Read more.

In Conversation: Katie Wyatt and Dalouge Smith

Katie Wyatt and Dalouge Smith
We invited Katie Wyatt and Dalouge Smith to share a conversation around two different models of growing creative youth development programming at the city and state level.

Katie Wyatt is the Founder and Executive Director of KidzNotes and the Executive Director of El Sistema USA. Dalouge Smith is the President and CEO of the San Diego Youth Symphony and a national leader in crafting an inclusive future of music and education in and out of schools.

Their conversation provides insight into the challenges and successes of working with public schools to achieve community goals, the potential policy implications and challenges that are facing this work today, and the gap between rural and urban environments.  The recording is approximately 1 hour long and features a curated discussion by these two innovative leaders.

Hear the recording by selecting the player above, or read the transcript.

Podcast: The Potency of Teaching Artistry

Eric BoothOn the Mass Cultural Council’s podcast, Creative Minds Out Loud, we recently spoke with Eric Booth about the potency of teaching artistry.

Booth, one of the foremost experts in the world on teaching artists,  discusses the field and craft of teaching artistry. He says while teaching artists are recognized as learning catalysts – by the education, business, and healthcare sectors (to name a few) – there continue to be insufficient growth pathways to support the expertise that’s been developed by this global workforce.

Listen to the podcast.

Read the transcript.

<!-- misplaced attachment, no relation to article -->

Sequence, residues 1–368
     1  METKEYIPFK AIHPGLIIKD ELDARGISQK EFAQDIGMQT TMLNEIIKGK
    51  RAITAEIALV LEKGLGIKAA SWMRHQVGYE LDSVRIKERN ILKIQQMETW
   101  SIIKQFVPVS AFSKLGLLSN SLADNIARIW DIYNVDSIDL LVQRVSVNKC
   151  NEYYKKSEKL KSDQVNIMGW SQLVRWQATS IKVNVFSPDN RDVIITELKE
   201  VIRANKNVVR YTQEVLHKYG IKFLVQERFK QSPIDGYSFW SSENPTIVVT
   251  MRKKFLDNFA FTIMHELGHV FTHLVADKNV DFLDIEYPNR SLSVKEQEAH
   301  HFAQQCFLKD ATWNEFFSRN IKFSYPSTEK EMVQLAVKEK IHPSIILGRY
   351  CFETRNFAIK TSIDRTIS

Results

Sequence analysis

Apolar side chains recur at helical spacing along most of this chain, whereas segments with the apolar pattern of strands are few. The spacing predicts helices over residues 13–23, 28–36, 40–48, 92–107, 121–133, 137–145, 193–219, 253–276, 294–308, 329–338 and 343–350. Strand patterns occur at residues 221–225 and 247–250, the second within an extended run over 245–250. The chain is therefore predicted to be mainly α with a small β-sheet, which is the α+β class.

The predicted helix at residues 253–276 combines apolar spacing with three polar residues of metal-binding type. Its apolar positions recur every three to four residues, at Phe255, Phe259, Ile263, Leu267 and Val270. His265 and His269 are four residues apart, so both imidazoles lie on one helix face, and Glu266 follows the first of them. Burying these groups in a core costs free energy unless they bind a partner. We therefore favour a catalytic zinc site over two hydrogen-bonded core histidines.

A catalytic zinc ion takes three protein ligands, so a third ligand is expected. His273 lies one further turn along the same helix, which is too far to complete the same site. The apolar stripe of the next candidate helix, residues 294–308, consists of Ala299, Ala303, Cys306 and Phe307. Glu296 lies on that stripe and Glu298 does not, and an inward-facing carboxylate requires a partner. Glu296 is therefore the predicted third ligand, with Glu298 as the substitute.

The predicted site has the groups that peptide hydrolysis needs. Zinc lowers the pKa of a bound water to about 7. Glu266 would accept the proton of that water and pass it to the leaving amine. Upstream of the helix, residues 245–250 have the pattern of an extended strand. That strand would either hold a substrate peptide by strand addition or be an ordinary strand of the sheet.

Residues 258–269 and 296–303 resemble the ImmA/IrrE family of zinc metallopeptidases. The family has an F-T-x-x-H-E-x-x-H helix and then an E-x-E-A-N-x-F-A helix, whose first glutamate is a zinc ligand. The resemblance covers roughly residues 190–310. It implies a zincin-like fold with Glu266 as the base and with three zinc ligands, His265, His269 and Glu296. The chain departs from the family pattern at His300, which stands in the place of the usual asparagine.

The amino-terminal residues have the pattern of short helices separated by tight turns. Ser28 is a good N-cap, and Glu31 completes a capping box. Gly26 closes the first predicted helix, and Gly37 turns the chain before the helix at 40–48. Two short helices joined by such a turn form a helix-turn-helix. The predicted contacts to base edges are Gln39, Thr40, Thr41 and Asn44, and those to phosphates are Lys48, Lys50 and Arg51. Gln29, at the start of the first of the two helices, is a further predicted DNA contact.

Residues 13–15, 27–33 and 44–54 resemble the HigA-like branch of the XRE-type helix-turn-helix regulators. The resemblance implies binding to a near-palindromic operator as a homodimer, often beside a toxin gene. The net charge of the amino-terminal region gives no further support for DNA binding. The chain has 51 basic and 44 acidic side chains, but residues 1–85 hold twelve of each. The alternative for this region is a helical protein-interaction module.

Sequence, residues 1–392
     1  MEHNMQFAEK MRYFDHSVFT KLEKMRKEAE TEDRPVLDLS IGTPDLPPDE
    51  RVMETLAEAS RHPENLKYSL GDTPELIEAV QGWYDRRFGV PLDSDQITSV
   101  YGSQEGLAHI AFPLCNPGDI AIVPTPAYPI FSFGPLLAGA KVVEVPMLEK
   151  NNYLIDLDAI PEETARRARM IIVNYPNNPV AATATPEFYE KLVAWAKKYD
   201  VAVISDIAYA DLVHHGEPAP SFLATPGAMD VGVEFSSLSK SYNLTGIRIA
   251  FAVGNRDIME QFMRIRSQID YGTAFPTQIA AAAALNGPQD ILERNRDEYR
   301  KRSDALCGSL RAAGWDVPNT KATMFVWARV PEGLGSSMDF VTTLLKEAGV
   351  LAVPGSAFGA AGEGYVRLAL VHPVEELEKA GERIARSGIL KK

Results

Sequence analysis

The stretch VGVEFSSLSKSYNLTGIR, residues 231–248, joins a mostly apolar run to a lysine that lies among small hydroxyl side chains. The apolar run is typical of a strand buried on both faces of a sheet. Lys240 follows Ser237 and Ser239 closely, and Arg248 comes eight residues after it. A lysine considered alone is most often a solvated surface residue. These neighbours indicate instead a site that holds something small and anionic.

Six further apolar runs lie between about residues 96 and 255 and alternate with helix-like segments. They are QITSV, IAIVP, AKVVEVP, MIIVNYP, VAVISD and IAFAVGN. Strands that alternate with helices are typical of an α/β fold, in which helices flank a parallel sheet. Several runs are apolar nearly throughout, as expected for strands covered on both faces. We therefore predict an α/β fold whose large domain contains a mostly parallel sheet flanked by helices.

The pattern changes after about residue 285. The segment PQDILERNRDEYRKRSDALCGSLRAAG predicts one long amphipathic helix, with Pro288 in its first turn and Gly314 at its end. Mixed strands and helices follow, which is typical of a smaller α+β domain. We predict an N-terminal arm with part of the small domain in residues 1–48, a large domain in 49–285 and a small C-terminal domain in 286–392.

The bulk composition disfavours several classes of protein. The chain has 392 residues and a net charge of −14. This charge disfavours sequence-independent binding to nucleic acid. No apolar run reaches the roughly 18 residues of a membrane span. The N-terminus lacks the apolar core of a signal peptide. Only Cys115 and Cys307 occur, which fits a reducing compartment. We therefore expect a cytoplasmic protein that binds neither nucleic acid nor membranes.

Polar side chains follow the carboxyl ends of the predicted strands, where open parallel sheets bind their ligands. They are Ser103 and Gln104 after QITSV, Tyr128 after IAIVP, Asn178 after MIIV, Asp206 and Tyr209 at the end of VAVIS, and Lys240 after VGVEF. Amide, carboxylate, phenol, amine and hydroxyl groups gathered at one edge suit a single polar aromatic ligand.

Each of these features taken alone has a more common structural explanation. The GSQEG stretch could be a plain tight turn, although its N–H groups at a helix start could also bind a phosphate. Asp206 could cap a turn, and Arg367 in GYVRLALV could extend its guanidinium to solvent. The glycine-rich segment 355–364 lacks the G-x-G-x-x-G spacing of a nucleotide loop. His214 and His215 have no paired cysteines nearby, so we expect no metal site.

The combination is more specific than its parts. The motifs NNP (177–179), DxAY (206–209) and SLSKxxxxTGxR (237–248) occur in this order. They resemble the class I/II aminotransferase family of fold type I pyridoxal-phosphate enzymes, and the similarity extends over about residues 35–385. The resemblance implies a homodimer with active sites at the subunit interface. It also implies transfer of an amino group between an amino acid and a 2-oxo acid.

Check out other episodes featuring Creative Youth Development leaders.

Announcing the CYD National Partnership

National CYD Partnership logo

New Collective Impact Strategy to Strengthen Community-Based Organizations and Empower Practitioners & Youth

Today marks the formal launch of the Creative Youth Development National Partnership between the National Guild for Community Arts Education, Massachusetts Cultural Council, The President’s Committee on the Arts and the Humanities, and Americans for the Arts. These four organizations have signed a Memorandum of Understanding to formalize their joint commitment to advancing creative youth development (CYD) as a field of practice nationwide.

Creative youth development is a recently coined term that organizes a longstanding community of practice that intentionally integrates the arts, sciences, and humanities with youth development principles, sparking young people’s creativity, and building critical learning and life skills that carry into adulthood.

This new coalition is collaborating to organize and accelerate the CYD movement through a collective impact strategy with a common agenda, shared systems and activities, cross-sector engagement, and continuous communications. The Partnership aims to strengthen community-based organizations working in youth development and the arts, sciences, and humanities; develop and support adult practitioners in the field; and benefit youth by increasing access to CYD opportunities throughout the United States.

See the full announcement on www.creativeyouthdevelopment.org.